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Since its initial publication in Holland in 2009, Herman Koch’s psychologically astute and philosophically challenging The Dinner has become a much-discussed international bestseller.
Two couples meet for dinner at a high-end restaurant in Amsterdam to address a tragic event: a terrible crime has been committed, and it seems the two fifteen-year-old sons of the two couples are implicated. A police investigation is under way, and the comfortable, insulated worlds of the families are coming apart at the seams. Over the course of the meal, and the novel, civility and friendship disintegrate, as the parents make clear what they are willing to do to protect their children from the consequences of their actions.
This controversial tale of families struggling to make the hardest decision of their lives exposes philosophical and social hypocrisies in which we are all, to a degree, complicit. The popularity of the book speaks to the universal nature of the ethical dilemmas it examines: How far would you go to protect a loved one, even if he or she has committed an unspeakably horrible act?
The Dinner is currently one of the most popular books among teenagers in Holland, perhaps because they can relate to the ethical dilemmas that result from the senseless crime committed by a member of their own peer group. The book is also relevant to adolescent readers in that it explores the dark side of connectivity, including YouTube and texting, as well as the generation gap between young people and their parents.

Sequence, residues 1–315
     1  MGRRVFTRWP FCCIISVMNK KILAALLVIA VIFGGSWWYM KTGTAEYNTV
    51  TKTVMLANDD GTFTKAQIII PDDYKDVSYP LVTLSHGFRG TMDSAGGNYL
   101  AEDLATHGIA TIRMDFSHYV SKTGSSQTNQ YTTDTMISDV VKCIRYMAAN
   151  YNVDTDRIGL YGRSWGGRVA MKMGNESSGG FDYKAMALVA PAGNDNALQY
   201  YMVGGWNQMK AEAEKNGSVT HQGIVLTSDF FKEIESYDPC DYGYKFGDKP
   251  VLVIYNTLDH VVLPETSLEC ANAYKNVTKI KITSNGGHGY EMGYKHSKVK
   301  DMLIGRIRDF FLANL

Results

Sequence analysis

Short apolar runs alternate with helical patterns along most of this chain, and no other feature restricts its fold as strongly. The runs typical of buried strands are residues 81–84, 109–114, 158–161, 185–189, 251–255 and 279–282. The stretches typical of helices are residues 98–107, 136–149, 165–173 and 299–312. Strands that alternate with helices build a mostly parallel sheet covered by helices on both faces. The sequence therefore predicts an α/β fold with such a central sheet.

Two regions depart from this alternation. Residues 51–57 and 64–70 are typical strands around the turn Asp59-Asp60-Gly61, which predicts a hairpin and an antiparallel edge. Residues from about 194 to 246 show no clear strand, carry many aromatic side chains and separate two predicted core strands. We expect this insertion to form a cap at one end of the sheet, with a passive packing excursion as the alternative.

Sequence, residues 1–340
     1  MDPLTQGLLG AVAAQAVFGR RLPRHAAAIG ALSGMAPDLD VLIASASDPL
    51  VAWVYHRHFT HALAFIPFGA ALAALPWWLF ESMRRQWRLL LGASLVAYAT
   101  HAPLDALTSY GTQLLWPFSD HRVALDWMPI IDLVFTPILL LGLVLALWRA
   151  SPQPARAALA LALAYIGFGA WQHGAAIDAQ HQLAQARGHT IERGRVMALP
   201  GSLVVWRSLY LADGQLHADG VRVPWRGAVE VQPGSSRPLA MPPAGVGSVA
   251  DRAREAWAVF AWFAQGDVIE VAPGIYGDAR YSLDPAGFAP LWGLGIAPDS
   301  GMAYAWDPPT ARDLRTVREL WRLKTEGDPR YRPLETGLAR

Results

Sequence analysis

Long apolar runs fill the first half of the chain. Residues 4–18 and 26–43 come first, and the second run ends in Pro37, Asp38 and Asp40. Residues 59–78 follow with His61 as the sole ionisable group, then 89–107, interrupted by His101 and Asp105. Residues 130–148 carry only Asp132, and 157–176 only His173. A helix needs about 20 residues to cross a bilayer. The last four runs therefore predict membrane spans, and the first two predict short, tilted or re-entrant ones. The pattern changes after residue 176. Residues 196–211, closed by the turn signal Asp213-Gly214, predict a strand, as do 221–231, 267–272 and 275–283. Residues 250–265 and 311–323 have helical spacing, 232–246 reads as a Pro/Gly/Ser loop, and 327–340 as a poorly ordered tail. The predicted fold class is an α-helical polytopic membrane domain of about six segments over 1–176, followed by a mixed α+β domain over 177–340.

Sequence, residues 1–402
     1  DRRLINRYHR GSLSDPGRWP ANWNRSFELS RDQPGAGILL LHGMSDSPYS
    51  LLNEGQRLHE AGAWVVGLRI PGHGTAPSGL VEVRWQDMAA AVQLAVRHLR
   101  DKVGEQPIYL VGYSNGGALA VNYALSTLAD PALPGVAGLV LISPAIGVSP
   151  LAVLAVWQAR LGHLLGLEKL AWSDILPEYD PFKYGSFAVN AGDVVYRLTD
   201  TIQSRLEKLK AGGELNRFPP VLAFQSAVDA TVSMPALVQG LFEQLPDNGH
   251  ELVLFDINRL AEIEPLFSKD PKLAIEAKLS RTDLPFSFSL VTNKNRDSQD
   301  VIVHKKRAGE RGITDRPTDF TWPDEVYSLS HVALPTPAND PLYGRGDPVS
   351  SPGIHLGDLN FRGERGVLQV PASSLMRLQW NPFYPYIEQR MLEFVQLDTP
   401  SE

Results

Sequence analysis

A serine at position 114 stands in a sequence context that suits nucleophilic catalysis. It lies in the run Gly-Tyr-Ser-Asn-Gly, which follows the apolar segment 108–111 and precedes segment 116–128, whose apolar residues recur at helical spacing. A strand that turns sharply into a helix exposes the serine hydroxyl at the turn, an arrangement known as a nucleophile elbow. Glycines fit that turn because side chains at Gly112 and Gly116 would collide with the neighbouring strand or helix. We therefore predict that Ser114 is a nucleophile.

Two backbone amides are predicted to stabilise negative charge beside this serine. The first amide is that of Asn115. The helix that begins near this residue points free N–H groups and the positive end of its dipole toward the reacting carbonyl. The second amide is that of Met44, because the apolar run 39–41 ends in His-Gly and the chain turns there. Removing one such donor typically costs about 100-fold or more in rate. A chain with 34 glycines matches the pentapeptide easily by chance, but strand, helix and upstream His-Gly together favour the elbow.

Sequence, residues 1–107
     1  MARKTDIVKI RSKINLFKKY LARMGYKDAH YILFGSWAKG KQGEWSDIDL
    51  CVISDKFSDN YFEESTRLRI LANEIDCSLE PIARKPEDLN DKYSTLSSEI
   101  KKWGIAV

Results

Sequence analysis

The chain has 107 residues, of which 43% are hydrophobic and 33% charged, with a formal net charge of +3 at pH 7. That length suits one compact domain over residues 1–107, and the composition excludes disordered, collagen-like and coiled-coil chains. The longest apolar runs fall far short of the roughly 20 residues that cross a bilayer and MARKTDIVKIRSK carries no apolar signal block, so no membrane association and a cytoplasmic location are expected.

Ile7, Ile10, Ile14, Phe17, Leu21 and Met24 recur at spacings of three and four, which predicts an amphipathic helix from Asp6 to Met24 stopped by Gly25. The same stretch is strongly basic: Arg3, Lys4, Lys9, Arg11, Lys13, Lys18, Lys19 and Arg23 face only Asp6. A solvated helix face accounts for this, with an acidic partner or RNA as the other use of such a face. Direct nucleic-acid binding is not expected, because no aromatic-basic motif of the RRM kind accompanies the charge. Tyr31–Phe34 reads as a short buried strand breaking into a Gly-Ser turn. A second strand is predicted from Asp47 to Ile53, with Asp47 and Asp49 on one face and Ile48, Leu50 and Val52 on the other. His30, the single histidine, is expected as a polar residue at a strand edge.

The book ultimately forces the reader to confront his or her own deeply held convictions and moral values.
“This chilling novel starts out as a witty look at contemporary manners . . . before turning into a take-no-prisoners psychological thriller. . . . With dark humor, Koch dramatizes the lengths to which people will go to preserve a comfortable way of life . . . this is a cunningly crafted thriller that will never allow you to look at a serviette in the same way again.” –Publishers Weekly (starred review)